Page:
Black History Month : Keep it or lose it?
Growing up with grandparents and great-grandparents that grew up during times where our nation as we know it was separated by color afforded me the…
Growing up with grandparents and great-grandparents that grew up during times where our nation as we know it was separated by color afforded me the opportunity to always be fed with the history of blacks throughout American history. I grew up in a family filled with educators, therefore, learning began at home and it was no different when it came to black history.
The accomplishments of blacks have been undermined and left out of the classrooms for years. While earning his Master’s degree from the University of Chicago and a Ph.D. from Harvard, historian Carter G. Woodson saw firsthand how black people were underrepresented in books and conversations that molded the study of American history, provoking his decision to assist with creating the “Negro History Week” in 1926. He chose the second week in February because it encompassed the birthdays of both Frederick Douglass (February 14) and Abraham Lincoln (February 12).
In 1976, former President Gerald Ford decreed Black History Month a national observance. Even with an allotted month to celebrate the accomplishments of blacks in America, one can say that it defeats the purpose of what our predecessors fought for when it came to segregation. Is a separate month for Black history still needed, if we as a nation have “come so far?”
This brings forth the question of why there is a separate month for vital achievements by people of color within American history. There aren’t specific months for other ethnic groups in America. My nana, amongst the first to integrate schools in Dinwiddie, VA, argues that a separate month still does what this nation has always done, divided the races. As a retired educator, she believes that black history should be referred to as exactly what it is: American history.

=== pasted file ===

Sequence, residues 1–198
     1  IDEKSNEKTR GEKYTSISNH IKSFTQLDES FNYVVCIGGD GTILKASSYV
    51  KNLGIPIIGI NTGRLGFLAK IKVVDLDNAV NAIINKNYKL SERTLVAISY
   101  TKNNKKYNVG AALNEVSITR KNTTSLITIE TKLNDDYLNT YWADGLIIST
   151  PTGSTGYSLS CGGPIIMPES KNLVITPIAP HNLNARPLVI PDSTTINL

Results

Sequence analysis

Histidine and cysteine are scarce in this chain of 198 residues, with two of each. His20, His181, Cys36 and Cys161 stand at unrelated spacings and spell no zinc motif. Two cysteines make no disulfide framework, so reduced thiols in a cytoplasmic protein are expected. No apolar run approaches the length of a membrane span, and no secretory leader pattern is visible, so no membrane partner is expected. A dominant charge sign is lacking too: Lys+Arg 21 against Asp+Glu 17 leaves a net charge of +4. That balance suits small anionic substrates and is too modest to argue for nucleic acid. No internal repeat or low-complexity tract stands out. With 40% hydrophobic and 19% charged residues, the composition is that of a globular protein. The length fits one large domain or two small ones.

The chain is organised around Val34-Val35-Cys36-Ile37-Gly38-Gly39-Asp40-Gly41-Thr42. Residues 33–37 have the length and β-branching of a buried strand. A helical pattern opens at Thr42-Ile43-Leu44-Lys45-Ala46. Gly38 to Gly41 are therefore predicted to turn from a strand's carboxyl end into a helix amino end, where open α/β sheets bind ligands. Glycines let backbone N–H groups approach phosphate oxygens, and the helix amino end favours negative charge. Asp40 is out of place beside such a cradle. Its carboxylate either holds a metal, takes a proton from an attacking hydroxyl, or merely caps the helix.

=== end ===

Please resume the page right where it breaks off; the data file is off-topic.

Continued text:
During my grade school years Black History Month consisted of learning the same stories over and over. I can recall teachers singing the same songs about Martin Luther King Jr. and Rosa Parks from pre-K to 12th grade. It was almost robotic. Outside of the month of February and the knowledge my family members passed down to me, my rural upbringing in a Virginia public school system didn’t elaborate on the history of blacks as it should have. It was not until my college years that I learned that Rosa Parks was not the first black woman to refuse to give her seat up on that segregated bus and that there were many other leaders in addition to Dr. King during the Civil Rights Movement.
While Black History Month may appear negatively to some, there is also a blessing that comes within the month of February. It’s a month set aside to applaud our brothers and sisters who’ve accomplished so much and those on their way to setting high standards for generations to come. It is also a time to learn and soak in all of the “black girl magic” and “black boy joy” that makes our culture so great. Younger generations learn about those who came before them, and older generations learn about the youth of today that are breaking barriers that our ancestors could only dream of.
Black History Month is a reflection of how far we’ve come and how far we have to go. Without it, we wouldn’t know who we are, and with it we can continue to learn and become better people. Woodson once said, “If a race has no history, it has no worthwhile tradition, it becomes a negligible factor in the thought of the world, and it stands in danger of being exterminated.” With that being said cherish the abundance of knowledge that comes once every February, and continue to remember that black excellence throughout the year.
by Shanique Yates
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